________________ CM . . . . Volume XX Number 2. . . .September 13, 2013



Darren Hynes.
Toronto, ON: Razorbill/Penguin Canada, 2013.
307 pp., trade pbk., $15.99.
ISBN 978-0-14-318714-1.

Grades 8-12 / Ages 13-17.

Review by Rob Bittner.

**½ /4



Dear Pete the Meat,

Is it the way I walk? Talk? Is it because I’m small? Is my laugh strange? My voice? Do I smell funny or dress stupid or style my hair the wrong way? Are my eyes too far apart? WHAT? […] Am I like a wrestling mat: something for you to lie and sweat and bleed on? Is it because I’m weak? […] Do you think I like eating yellow snow and being tackled by Bobby and having to smell tuna on your breath? Maybe I hate you too, even more than you hate me…

The one you pick on that would like to know the reason,

Wayne Pumphrey


Wayne Pumphrey, age 15, can’t wait for high school to be over, but three more years feels like an eternity as he gets picked on and beat up and assaulted day after day by Pete “The Meat” and his gang, made up of Bobby, Harvey, and Kenny. Wayne’s dad is an alcoholic, and his mom is constantly threatening to leave Wayne and his sister, Wanda, alone. When Wayne is rescued from Pete and his posse one day, by a girl named Marjorie, what was already torture begins to get worse. The two become friends and get to know each other through a school drama production until a traumatizing event threatens to tear them apart.

     Hynes is an obviously talented writer with a simple, but powerful style, often punctuated with moments of humour amidst the darkness, though these moments are few and far between. He tells Wayne’s story through a combination of third-person narration and first-person emotional explorations in the form of un-sent letters to his family, to “God or whoever,” to his teachers, and even to the bullies responsible for his misery (as in the excerpt above.) The relationship between Wayne and his father is perhaps one of the most poignant portions of the novel, exploring the complexities that exist in a family when a parent is alcoholic and refuses to see the impact on others until it is almost too late.

     The theme of troubled fathers does not stop here. Marjorie’s father committed suicide prior to the start of the novel, and Pete “The Meat”, though he currently has a far less problematic stepfather, had an abusive relationship with his biological father. The theme of troubled dads taints the book with a feeling of hopelessness when it comes to family life. The ignorance shown repeatedly by adult characters throughout the text is extremely troubling. When Wayne’s father, for instance, finds out that Wayne is being bullied, his solution is to tell the bully’s father, but when this does not work, Wayne’s father is actually confused as to why. His mother is also terribly unreliable, attempting to run away repeatedly throughout the book, but never quite doing so, leaving Wayne and Wanda feeling dejected. Wanda desires to move away from home, and though she declares her support for Wayne at various moments, she never truly shows that she actually has his back. Wanda also spouts off homophobic slurs with troubling regularity.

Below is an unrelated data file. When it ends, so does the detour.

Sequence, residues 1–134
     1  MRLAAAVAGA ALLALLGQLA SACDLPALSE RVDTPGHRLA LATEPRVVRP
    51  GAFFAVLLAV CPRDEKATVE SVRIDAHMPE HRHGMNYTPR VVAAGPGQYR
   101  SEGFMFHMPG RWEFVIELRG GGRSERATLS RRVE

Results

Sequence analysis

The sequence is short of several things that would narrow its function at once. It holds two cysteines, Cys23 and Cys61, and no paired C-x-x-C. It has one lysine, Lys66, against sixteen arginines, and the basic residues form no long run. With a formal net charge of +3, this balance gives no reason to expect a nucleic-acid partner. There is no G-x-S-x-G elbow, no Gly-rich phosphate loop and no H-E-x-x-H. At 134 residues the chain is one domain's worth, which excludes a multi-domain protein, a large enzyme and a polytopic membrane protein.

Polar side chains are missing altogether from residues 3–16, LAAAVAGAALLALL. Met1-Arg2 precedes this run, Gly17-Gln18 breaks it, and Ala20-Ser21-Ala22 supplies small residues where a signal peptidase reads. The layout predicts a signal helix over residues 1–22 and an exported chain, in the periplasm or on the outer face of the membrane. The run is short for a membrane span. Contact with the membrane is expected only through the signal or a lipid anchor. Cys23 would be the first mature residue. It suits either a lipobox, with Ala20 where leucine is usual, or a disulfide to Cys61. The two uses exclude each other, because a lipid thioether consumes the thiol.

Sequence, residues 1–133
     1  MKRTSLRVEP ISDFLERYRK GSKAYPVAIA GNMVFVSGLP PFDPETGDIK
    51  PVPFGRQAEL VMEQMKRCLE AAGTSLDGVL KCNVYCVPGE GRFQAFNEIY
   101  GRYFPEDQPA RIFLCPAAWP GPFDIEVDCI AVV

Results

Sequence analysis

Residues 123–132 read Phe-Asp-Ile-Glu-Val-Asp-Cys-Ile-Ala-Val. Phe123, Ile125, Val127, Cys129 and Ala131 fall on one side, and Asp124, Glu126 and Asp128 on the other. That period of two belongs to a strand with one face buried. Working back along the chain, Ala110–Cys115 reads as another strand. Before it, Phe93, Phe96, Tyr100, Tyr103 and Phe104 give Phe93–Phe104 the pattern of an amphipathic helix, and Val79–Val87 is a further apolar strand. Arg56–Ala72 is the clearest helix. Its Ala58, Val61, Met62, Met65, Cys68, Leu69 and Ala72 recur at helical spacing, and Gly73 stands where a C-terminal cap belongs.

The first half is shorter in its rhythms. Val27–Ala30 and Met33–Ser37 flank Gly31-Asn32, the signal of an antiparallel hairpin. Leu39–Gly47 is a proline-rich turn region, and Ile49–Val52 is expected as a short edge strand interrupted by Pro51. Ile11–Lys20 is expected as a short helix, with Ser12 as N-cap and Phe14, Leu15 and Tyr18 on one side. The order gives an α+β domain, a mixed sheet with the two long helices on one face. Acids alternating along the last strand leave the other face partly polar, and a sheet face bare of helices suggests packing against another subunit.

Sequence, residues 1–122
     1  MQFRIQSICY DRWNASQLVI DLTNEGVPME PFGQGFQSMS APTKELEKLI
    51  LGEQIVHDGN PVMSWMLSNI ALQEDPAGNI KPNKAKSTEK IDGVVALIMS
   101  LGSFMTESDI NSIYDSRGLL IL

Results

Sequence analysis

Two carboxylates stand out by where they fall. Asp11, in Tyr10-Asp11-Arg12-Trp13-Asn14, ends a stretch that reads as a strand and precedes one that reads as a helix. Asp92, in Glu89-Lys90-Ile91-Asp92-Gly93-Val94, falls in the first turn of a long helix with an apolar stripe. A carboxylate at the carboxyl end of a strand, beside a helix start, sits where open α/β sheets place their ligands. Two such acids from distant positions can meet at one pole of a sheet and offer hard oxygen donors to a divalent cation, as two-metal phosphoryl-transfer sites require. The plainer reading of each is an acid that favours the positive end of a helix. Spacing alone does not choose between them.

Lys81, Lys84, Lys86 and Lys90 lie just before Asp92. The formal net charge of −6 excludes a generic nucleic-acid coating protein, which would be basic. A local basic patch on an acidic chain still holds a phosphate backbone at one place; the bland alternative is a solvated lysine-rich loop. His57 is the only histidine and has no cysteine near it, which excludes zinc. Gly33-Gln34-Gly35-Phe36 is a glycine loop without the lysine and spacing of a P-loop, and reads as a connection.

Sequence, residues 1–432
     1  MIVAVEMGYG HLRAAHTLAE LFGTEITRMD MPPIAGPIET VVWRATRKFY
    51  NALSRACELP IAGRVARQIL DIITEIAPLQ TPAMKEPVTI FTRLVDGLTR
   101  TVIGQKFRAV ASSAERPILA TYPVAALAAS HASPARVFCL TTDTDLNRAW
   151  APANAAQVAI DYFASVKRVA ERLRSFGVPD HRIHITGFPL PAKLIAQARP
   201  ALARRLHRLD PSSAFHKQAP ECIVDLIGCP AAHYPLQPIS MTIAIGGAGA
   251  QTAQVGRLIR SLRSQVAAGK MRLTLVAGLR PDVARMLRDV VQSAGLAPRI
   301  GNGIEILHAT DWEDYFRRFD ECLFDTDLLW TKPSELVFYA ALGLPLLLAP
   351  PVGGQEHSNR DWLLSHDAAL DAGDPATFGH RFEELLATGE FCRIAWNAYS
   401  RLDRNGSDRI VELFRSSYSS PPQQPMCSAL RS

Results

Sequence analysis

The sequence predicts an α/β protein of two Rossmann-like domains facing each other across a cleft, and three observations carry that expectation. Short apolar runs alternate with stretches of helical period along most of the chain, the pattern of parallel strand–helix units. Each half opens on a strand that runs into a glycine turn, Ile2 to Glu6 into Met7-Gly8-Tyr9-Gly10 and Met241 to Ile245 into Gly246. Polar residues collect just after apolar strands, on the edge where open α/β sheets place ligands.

Perhaps one of the most unfortunate aspects of the novel is the amount of profanity and abuse streaming from various characters, for no particular reason, especially Pete “The Meat,” almost constantly—the homophobic attitudes in particular, and the use of derogatory terminology for gay and lesbian individuals is, I feel, excessive. While homophobia and bullying are a grievous part of everyday life for many young people no matter their sexual orientation or gender identity, the book fails to move beyond these instances of assault and violence. Some of these situations include Wayne’s being locked in a trunk and being forced to eat yellow snow, and another situation involves Marjorie nearly being raped—and Wayne nearly being coerced into doing the reprehensible act—with a hot dog. This is a moment that may potentially be a trigger for young victims of assault.

     Filled with verbal and physical assault, suicide, hopelessness, loneliness, homophobia, and near-rape, this book is very much written for a specific audience of resilient young people. As stated earlier, the writing style is not terribly problematic in itself—though the first-person unsent letters are a bit jarring and don’t always flow with the rest of the narration—however the failure of Hynes to move beyond stereotypes and flat adult characters—with the possible exception of Mr. Rollie, the drama teacher, and Mr. Ricketts, the janitor—keeps the story from moving beyond a limited exploration of a very haunted group of young people. The ending is also rather abrupt and seems to exist so readers will see Pete “pay” for his previous actions.

     This book is not for everyone, and teachers and librarians should be aware of these potentially troubling themes before recommending or handing out the novel to students.

Recommended with reservations

Rob Bittner recently graduated from the MA in Children’s Literature program at The University of British Columbia and is now a PhD student in Gender, Sexuality, and Women’s Studies at Simon Fraser University in Burnaby, BC.

To comment on this title or this review, send mail to cm@umanitoba.ca.

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